7-step routine for bedtime anxiety

bedtime anxiety

Did you know that 6 in 100 people in England are diagnosed with Generalised Anxiety Disorder (GAD) each week, according to research by Mind? 

Anxiety can wreak havoc on your sleep, causing difficulties with falling asleep, staying asleep, waking up early, and experiencing intense nightmares or panic attacks.

To help with this, the sleep experts at MattressNextDay have created a seven-step wind-down routine to follow if you feel anxious before bed. This is part of their sleep routine calculator, which offers a personalised wind-down routine and bedtime based on how you feel and your desired wake-up time.

Sleep experts recommend this 7-step routine for bedtime anxiety

1. Take a hot shower two hours before bed

Taking a shower or even a hot bath no more than two hours before bed can help you fall asleep faster. It’s thought that the warm water – between 40 and 42 degrees Celsius – stimulates blood flow to our extremities which allows body heat to escape quicker, and it’s that temperature change that can signal to our brain it’s time to sleep. Just 10 minutes in a warm bath or shower reduces the time spent trying to sleep and is also said to reduce cortisol levels (or the stress hormone) which can contribute to feelings of anxiety before bed.

2. Once in bed, read for a minimum of six minutes

Reading has been proven to reduce stress. And, if you are not a big fan of reading, just six minutes of reading can reduce stress and anxiety levels by up to 60%. Losing yourself in a book can help calm any negative or intrusive thoughts, and even lead you into a restful sleep as you recant the last few pages of your book.

3. Invest in a weighted blanket to replicate the feeling of a hug

Yes, that’s right, weighted blankets work so well for calming anxiety because they replicate the feeling of being hugged or swaddled. The pressure from the blanket can help reduce levels of cortisol and, instead, increase the production of serotonin (your happy hormone) and melatonin (your sleep hormone) which helps you relax and, subsequently, drop off to sleep. If you like the feeling of being hugged but struggle to sleep up close to your partner, a weighted blanket is the next best option.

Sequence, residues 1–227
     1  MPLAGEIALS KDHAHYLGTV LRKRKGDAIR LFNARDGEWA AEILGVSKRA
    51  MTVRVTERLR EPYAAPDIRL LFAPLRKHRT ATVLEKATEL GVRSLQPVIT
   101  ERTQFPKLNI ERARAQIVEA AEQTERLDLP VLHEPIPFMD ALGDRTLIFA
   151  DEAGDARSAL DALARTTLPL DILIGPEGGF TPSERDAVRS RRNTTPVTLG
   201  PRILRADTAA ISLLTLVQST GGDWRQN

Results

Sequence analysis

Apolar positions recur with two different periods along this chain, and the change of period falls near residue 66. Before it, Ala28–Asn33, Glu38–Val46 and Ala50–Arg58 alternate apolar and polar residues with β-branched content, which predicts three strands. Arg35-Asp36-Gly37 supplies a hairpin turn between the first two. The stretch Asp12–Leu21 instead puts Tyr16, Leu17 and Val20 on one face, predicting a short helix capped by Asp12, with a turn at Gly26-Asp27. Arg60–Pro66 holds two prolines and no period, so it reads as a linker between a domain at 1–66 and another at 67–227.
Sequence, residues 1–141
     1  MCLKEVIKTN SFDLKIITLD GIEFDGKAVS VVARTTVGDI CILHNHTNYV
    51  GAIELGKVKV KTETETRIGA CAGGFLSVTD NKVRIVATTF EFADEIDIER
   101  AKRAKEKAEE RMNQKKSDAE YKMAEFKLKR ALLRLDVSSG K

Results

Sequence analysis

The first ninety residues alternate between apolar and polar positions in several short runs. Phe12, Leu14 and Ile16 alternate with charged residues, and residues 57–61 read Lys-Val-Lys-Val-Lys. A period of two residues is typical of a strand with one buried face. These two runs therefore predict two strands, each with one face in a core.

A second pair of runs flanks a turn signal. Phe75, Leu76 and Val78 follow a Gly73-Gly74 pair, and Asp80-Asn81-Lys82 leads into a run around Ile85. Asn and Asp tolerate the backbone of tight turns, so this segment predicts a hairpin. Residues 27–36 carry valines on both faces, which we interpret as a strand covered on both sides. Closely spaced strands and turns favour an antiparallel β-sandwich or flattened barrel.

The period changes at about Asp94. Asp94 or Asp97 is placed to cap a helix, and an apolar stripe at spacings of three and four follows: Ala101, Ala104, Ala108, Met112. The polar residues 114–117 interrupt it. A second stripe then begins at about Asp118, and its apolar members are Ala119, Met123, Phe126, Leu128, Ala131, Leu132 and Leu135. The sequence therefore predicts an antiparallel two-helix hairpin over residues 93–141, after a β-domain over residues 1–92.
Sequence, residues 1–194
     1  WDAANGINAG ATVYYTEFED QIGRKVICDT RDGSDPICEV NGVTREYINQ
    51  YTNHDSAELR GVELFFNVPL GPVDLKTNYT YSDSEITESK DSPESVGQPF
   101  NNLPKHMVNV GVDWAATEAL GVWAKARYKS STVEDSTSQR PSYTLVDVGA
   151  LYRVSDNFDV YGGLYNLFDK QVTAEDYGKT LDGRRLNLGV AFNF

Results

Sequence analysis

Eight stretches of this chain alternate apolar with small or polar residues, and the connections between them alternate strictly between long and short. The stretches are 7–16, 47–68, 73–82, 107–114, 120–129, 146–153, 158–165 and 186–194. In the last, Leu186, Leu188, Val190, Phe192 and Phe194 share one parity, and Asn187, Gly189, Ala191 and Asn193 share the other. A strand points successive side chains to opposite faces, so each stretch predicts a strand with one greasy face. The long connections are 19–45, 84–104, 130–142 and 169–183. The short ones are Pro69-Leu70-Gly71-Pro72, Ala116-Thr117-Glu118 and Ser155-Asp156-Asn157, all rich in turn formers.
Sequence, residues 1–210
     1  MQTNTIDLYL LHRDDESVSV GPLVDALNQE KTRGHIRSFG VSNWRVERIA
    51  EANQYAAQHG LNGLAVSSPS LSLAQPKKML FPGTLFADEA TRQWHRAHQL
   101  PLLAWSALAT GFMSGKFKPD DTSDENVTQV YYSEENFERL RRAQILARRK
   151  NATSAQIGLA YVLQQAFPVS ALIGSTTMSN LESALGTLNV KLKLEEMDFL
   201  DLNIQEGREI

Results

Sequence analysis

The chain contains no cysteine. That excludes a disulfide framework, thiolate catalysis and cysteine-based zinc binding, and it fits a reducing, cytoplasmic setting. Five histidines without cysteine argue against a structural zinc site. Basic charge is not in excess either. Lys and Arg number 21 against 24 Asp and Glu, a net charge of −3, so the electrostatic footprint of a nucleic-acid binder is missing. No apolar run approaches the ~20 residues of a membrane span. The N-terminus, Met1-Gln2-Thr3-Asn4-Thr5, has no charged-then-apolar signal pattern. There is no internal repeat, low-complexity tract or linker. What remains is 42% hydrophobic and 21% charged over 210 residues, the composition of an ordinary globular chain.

4. And, try the diaphragmatic breathing technique for 10 minutes

  • Lie down in bed on your back and relax your shoulders, ensuring they are away from your ears.
  • Place one hand on your chest, and the other on your stomach.
  • Breathe in through your nose and feel your stomach expand, keeping your chest still.
  • Hold your breath for two seconds.
  • Exhale through slightly pursed lips as your stomach falls, while your chest remains still.

Multiple studies have shown that this type of breathing can reduce stress and any other negative emotions, likely as it forces you to focus on your breathing. If you do get into bed and still struggle with anxiety, try this for 5-10 minutes and try again if needed.

5. Scan your body when trying to sleep

A full body scan is a form of meditation that you might be familiar with, particularly if you use apps such as Calm. Essentially, you mentally ‘scan’ your body from head to toe, starting with your toes, feet, ankles, legs, hips and so on. As you pass through each area, you become aware if you are holding any tension and can, therefore, make an effort to relax your body as you attempt to sleep. Studies have shown that this type of practice – which can take as little as five minutes – can improve sleep quality and even reduce anxiety symptoms.

6. But don’t count sheep… or any other animal for that matter

If you’ve ever been told to count sheep to help you sleep, don’t listen. Researchers have discovered that counting sheep does nothing at all to help you sleep, simply as it is so boring. The task is so easy to do that it doesn’t distract you from the anxious thoughts keeping you awake. So next time you start counting sheep, try our other suggestions instead.

7. If you still can’t get to sleep after 20 minutes, get up and move around

This might be hard, particularly if you feel comfortable. But lying in bed when you have been attempting to sleep for over 20 minutes is going to reinforce your inability to sleep and could even make you associate your bed with an inability to fall asleep. But, getting up to read, meditate or even try breathing techniques could help you to relax again, so you can try to attempt sleep again.

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